Oct. 26 (Bloomberg) -- Mozambique’s parliament has approved legislation that will cut the tax on beer made from cassava to 10 percent compared with 40 percent for beer made from malt to encourage the use of locally grown crops.
“The 10 percent value represents a preferential tax, encouraging the entry of locally produced cassava beers in the national market, with the intention of valuing this raw material and encouraging new processes that promote using local resources,” Finance Minister Manuel Chang said in an e-mailed statement today.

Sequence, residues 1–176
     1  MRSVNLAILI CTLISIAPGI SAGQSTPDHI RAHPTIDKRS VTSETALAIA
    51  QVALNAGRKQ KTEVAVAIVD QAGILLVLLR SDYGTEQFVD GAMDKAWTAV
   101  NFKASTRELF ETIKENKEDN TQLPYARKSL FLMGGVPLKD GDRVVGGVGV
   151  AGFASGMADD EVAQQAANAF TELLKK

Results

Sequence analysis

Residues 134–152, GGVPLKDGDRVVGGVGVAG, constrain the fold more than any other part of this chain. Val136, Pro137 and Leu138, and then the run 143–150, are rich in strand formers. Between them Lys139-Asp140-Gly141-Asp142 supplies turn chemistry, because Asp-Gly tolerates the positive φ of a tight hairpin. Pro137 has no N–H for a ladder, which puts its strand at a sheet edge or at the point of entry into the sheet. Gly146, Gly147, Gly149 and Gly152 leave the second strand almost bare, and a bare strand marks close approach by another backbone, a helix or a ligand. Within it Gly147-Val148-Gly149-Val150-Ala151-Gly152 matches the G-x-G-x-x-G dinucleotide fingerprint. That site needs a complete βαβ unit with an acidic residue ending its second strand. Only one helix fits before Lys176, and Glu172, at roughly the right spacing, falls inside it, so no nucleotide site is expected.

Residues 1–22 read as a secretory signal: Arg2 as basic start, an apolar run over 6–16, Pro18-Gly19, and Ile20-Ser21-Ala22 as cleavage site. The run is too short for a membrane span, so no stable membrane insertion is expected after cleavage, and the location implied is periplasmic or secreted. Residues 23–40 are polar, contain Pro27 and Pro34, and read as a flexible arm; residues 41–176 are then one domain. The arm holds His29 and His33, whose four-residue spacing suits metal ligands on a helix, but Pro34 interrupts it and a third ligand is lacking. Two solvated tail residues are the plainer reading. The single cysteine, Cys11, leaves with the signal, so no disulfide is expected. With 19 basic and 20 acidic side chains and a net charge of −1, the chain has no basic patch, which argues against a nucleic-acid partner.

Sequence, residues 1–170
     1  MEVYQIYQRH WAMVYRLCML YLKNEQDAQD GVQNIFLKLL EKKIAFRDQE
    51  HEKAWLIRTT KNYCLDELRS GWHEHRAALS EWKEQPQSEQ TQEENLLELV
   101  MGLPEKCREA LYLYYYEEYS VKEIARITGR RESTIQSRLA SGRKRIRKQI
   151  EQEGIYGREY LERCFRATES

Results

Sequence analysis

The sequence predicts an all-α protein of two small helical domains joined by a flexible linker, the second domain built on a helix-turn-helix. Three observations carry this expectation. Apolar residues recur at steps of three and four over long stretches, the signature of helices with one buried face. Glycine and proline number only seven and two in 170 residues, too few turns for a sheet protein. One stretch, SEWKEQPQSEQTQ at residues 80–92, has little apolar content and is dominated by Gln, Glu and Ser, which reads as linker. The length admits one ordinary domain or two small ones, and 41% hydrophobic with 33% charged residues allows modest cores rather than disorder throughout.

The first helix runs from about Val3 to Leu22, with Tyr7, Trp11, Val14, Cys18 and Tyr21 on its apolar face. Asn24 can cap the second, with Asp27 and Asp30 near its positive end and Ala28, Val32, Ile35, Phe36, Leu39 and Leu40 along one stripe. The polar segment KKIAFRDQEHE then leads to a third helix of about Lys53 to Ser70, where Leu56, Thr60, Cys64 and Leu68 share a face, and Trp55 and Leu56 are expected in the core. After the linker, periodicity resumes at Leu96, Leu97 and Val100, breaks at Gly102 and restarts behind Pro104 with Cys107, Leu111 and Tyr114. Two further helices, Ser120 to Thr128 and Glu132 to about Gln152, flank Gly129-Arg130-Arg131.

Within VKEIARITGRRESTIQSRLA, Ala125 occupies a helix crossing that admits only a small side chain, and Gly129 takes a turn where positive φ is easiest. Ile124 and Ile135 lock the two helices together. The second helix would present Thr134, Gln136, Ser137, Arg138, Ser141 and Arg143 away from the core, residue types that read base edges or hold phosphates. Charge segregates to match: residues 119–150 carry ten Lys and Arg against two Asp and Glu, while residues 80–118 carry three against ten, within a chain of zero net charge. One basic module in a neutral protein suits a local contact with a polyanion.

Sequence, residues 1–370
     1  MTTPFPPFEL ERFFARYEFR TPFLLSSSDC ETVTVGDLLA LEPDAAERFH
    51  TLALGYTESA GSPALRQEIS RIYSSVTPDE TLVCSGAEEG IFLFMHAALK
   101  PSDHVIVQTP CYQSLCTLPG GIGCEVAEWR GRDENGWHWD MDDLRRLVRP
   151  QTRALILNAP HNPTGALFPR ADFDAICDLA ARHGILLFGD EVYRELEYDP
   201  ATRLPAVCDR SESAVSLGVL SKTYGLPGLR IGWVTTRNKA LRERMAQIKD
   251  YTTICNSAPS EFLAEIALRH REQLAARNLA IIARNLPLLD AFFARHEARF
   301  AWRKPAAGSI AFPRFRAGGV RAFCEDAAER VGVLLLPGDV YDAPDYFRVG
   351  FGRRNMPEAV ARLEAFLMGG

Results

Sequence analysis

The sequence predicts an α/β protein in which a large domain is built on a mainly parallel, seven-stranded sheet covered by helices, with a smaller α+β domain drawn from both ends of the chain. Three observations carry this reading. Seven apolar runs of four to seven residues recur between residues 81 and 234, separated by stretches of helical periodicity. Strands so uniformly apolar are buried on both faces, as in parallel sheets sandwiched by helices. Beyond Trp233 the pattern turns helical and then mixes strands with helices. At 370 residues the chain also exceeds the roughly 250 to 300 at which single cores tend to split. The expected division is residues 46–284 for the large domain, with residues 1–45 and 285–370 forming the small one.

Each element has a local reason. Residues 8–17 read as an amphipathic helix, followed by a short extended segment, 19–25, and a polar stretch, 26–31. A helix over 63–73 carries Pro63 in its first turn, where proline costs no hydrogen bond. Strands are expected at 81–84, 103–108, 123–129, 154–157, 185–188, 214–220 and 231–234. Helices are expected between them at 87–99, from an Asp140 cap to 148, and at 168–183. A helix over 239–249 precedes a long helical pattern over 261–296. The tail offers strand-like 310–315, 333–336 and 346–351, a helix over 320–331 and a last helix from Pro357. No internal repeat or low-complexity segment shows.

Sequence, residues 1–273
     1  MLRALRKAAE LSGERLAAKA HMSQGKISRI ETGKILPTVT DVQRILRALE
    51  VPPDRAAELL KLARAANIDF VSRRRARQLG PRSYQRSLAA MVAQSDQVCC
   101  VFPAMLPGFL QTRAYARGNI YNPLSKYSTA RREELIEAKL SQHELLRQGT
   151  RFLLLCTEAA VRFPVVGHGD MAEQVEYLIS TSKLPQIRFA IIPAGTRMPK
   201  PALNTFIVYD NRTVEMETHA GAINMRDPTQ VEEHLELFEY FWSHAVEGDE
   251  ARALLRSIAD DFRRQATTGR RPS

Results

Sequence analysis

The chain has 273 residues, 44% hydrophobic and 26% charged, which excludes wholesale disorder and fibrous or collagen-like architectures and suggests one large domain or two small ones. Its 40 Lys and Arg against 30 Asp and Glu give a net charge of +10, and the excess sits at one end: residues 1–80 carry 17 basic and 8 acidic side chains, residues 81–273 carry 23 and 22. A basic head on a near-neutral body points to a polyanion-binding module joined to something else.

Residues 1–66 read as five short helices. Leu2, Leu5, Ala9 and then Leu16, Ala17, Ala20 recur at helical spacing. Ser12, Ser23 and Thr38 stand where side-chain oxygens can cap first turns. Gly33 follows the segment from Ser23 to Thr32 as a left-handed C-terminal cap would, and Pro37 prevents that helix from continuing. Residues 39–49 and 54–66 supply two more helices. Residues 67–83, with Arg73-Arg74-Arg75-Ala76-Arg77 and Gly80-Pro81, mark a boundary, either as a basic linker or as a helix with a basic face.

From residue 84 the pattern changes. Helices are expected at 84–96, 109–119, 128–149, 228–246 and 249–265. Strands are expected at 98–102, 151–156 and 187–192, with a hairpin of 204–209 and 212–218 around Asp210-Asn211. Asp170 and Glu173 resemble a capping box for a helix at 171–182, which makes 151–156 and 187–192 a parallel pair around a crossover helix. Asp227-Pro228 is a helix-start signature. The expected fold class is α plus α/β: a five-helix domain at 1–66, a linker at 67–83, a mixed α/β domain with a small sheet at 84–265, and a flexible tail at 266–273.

Cervejas de Mocambique, a unit of London-based SABMiller, said in the statement that it will start producing the beer soon.
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